A couple of weeks ago in between airplane changes I caught a brief glimpse of a TV interview of some sort and heard the words "FBI office," "70s" and "burglary," and I mentally promised myself I'd check on whatever that might have been when I had some free time. When I finally got the chance, I put those exact words into google and came up with The Burglary, by Betty Medsger. Looking at the synopsis, I knew I absolutely had to read this book. Now that I've finished it, I'm recommending it to eve A couple of weeks ago in between airplane changes I caught a brief glimpse of a TV interview of some sort and heard the words "FBI office," "70s" and "burglary," and I mentally promised myself I'd check on whatever that might have been when I had some free time. When I finally got the chance, I put those exact words into google and came up with The Burglary, by Betty Medsger. Looking at the synopsis, I knew I absolutely had to read this book. Now that I've finished it, I'm recommending it to everyone. It's that good. And, with the exposure of the NSA's surveillance on ordinary American citizens that's been on people's minds lately, it's also appropriately timely. It's not that J. Edgar Hoover's abuses of power have been a secret up until the publication of this book; au contraire: there have been several very good books published by credible authors on just how far reaching those abuses have been, as well as a number of documentaries about the same. However, if you're thinking that this is just another book out to trash J.Edgar Hoover, so why bother, think again. Ms. Medsger starts her work from an entirely different place. Her focus is on how the burglary of the files from a small FBI station in Media, Pennsylvania committed by a small group of nonviolent, antiwar activists led to the "opening of the door" of J. Edgar Hoover's "Secret FBI." It was through the theft and then publication of most of these files (the ones containing ongoing "real" criminal investigations were not publicized) that the public got its first glimpse of how Hoover and his agents were actively violating the constitutional rights of American citizens through surveillance, "dirty tricks," and other less than above-board measures. These files revealed that "...there were two FBIs -- the public FBI Americans revered as their protector from crime, arbiter of values, and defender of citizens' liberties, and the Secret FBI. This FBI...usurped citizens' liberties, treated black citizens as if they were a danger to society, and used deception, disinformation and violence as tools to harass, damage, and -- most important -- silence people whose political opinions the director opposed," and revealed an FBI that was "obsessed with monitoring what seemed to be, in many cases, lawful dissent." The publication of the information discovered in these files, aside from revealing a "government agency, once the object of universal respect and awe," that had for years been "reaching out with tentacles to get a grasp on, or lead into, virtually every part of American society," also became the catalyst for the first-ever real investigation into the activities of the Bureau and more pointedly, those of its Director; the revelation of just what the FBI with its squeaky-clean image was really up to also started the first national dialogue regarding the fine line between domestic intelligence vs. civil liberties in the context of a free and democratic society. If you're at all interested, you can find the full thrust of what I have to say about this book here on the nonfiction page of my reading journal; if you don't want to read the long version, just hear me out on this point: it's a book that despite its nearly 600 pages, reads extremely quickly and packs a big wham!throughout. It's also one I HIGHLY recommend.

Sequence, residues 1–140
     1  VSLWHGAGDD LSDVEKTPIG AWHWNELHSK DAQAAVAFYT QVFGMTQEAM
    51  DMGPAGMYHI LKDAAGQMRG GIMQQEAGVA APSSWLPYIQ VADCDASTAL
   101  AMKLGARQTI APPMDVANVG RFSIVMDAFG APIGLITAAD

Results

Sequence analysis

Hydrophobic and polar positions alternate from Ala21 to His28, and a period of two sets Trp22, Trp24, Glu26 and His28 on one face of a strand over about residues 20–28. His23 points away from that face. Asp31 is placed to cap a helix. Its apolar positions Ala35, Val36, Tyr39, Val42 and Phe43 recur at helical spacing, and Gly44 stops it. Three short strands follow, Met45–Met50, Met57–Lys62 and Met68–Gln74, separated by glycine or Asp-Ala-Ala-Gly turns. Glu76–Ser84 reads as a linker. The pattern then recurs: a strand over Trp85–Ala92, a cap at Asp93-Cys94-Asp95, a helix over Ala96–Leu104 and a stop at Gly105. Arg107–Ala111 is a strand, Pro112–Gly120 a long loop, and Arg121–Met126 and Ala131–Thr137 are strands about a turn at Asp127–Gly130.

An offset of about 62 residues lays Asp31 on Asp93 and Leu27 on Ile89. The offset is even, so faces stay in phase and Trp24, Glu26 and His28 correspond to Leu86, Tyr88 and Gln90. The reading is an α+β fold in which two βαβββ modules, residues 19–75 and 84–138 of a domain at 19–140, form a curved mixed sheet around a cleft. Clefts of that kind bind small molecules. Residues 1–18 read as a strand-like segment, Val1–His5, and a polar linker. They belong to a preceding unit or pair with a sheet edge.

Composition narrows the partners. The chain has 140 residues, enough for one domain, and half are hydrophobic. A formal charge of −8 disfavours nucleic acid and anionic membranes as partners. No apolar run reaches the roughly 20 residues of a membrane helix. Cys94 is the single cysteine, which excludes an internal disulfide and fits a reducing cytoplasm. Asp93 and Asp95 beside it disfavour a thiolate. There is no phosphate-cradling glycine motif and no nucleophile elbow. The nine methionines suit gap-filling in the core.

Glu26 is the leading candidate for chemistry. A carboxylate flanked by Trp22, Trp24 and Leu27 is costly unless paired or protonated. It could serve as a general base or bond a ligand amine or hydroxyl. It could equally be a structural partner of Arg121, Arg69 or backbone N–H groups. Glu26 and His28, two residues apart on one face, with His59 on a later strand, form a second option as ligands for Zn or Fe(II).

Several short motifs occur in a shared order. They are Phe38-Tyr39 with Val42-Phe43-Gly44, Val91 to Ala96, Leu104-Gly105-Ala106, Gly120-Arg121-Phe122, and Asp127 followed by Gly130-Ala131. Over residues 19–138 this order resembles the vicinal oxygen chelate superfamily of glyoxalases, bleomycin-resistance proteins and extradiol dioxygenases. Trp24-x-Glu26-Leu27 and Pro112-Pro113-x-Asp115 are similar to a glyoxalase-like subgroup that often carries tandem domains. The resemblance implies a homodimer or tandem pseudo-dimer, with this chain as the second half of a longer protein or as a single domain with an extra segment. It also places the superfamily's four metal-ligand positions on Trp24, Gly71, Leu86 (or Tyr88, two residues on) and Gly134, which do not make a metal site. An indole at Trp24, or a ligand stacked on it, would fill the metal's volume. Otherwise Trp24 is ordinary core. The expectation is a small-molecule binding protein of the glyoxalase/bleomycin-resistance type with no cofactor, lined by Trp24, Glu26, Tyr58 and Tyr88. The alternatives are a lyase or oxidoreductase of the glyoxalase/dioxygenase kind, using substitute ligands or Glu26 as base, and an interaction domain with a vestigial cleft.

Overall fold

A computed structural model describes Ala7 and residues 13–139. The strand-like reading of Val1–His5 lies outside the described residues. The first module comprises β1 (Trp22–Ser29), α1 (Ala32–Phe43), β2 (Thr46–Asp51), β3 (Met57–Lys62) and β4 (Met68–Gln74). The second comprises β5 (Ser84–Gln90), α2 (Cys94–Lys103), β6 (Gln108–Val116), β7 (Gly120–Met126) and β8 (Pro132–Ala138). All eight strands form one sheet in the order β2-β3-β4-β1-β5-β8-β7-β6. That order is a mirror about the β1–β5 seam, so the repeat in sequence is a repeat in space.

8. 5 out of 5